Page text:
Chusovitina's sporting spirit is in line with the spirit of Everest climbing and polar exploration. These activities showcase the human pursuit of challenges and exploration of nature, requiring resilience, teamwork, and adaptability to difficulties and adversities.
At the Olympics, athletes demonstrate their love for sports while conveying a spirit of unity, friendship, and aspiration. They pursue higher, faster, and stronger goals through relentless training and unwavering will. This spirit resonates with the spirit of climbing Everest or exploring the polar regions. Teamwork and adaptability to adversity are crucial in both sports and extreme exploration.
These activities highlight the human spirit of constantly challenging oneself and transcending limits, while also reminding us of the importance of respecting nature and fostering unity and cooperation. They inspire exploration of personal potential and promote global friendship and cultural exchange. The values represented in these activities are evident in both sports and extreme exploration, inspiring people to continue forward, surpass themselves, and embrace new challenges.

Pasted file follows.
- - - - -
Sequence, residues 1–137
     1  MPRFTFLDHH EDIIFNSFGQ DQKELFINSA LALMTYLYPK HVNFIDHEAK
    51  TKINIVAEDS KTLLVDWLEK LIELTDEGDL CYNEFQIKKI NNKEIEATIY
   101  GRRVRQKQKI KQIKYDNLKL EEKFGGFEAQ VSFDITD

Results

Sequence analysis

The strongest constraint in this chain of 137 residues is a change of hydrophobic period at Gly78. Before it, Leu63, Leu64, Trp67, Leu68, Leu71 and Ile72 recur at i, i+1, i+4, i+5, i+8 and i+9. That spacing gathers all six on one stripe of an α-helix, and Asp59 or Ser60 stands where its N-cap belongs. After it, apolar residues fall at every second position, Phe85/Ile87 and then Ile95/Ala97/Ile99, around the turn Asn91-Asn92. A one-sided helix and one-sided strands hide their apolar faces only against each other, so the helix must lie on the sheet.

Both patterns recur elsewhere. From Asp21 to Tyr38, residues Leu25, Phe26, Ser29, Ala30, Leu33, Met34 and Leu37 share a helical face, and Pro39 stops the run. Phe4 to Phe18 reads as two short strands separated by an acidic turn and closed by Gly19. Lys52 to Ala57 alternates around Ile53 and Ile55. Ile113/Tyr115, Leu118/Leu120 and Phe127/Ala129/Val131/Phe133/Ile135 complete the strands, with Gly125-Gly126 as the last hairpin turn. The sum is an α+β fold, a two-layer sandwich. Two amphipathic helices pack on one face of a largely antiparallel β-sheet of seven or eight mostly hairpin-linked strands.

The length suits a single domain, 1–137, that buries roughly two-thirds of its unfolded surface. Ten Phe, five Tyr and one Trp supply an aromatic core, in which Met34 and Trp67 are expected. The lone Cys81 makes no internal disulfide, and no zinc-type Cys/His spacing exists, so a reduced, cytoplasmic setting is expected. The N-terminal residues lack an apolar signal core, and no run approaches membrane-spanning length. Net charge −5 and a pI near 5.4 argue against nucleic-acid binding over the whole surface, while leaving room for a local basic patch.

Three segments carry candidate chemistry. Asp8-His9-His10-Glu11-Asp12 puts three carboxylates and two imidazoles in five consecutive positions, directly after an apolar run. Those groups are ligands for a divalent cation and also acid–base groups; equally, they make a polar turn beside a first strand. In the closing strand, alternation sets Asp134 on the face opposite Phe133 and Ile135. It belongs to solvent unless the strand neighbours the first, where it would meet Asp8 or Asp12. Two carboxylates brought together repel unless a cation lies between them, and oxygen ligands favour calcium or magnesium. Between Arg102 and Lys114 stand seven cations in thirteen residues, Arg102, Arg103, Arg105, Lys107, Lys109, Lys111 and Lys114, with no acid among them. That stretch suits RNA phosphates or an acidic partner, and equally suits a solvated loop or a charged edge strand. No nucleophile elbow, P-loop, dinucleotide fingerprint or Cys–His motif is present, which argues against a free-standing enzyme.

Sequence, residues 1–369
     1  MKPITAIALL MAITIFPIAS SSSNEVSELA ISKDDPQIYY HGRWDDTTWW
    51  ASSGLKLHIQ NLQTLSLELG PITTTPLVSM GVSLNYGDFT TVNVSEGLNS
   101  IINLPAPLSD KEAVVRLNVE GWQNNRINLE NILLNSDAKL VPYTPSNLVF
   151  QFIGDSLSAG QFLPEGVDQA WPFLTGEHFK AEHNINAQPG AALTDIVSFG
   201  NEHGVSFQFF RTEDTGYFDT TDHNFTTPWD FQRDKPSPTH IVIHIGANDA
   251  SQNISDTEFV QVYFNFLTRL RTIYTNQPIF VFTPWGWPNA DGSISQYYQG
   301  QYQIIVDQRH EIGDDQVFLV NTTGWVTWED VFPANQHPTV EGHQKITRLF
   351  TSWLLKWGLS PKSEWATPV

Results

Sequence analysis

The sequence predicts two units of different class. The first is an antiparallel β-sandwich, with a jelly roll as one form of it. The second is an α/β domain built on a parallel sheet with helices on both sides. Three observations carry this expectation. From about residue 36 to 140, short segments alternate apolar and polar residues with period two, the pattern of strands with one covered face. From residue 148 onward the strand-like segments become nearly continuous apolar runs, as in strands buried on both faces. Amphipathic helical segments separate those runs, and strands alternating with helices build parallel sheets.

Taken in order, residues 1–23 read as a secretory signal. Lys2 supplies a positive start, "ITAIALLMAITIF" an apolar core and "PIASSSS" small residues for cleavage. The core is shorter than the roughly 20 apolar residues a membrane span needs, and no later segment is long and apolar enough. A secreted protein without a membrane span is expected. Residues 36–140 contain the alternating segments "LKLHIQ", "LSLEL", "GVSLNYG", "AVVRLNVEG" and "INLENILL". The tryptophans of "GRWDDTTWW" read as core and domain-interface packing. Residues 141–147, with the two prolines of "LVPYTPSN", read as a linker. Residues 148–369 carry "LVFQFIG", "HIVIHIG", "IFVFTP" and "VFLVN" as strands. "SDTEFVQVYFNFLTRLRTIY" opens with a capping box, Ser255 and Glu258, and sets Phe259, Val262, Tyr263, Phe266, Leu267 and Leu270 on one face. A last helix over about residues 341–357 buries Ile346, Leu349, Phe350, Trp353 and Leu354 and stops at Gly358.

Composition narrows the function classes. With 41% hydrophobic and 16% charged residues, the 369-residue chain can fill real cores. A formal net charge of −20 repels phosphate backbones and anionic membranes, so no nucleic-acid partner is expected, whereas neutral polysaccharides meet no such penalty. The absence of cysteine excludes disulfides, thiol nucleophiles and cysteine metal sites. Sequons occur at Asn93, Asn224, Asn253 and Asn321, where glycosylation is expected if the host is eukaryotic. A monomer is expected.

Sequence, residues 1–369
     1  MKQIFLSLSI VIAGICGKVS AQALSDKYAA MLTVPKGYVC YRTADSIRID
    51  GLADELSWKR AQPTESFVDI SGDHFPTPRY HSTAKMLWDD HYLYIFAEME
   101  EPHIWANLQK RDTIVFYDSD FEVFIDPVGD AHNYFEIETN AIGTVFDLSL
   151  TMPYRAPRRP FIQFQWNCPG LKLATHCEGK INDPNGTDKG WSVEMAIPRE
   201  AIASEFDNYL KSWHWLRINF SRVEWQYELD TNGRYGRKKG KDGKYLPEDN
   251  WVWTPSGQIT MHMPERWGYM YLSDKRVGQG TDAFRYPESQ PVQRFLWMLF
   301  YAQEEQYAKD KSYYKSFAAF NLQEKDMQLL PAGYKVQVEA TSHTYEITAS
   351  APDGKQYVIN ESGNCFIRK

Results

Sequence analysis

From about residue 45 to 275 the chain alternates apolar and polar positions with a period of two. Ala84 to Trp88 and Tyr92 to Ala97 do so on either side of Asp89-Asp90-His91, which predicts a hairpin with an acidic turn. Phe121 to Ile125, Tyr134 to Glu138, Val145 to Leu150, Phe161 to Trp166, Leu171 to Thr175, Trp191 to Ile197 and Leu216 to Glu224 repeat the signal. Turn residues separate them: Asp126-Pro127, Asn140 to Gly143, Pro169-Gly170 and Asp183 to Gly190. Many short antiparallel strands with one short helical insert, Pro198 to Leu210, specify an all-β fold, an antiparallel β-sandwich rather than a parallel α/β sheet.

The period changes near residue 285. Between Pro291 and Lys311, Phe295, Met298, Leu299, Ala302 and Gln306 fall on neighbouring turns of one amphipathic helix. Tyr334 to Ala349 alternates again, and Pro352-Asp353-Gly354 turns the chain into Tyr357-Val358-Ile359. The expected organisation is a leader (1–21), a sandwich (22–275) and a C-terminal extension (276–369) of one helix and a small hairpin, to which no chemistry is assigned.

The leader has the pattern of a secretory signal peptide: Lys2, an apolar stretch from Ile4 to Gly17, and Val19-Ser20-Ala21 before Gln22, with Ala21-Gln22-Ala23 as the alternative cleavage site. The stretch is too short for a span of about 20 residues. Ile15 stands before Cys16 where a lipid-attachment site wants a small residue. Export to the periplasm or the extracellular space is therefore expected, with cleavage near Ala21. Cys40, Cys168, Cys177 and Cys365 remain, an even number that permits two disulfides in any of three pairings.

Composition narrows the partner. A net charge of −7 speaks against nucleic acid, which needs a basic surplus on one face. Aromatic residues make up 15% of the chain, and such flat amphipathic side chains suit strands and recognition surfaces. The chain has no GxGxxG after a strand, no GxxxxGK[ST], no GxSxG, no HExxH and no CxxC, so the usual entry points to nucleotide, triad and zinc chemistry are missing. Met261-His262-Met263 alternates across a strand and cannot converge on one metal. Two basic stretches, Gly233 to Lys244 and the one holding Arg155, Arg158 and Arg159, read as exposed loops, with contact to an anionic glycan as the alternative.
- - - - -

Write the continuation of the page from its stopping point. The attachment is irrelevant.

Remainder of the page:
Fifth International Polar Year 2032-2033 Announced by World Meteorological Organization
Tiens Group will participate in the International Polar Year 2032 in various ways, such as funding scientific research projects, organizing environmental advocacy activities, promoting the development and implementation of environmental policies, and carrying out ecological protection projects. These initiatives will enhance public awareness of polar environmental protection and contribute practically to the global environmental cause.
The ecological environment of polar regions is fragile and unique, and it plays a crucial role in the global climate and ecosystem. However, with intensifying global climate change, polar regions face severe challenges like glacier melting, rising sea levels, and loss of biodiversity. The ecosystems in the Arctic and Antarctic, including glaciers, sea ice, permafrost, and unique flora and fauna, are vital for the global energy balance and ocean circulation.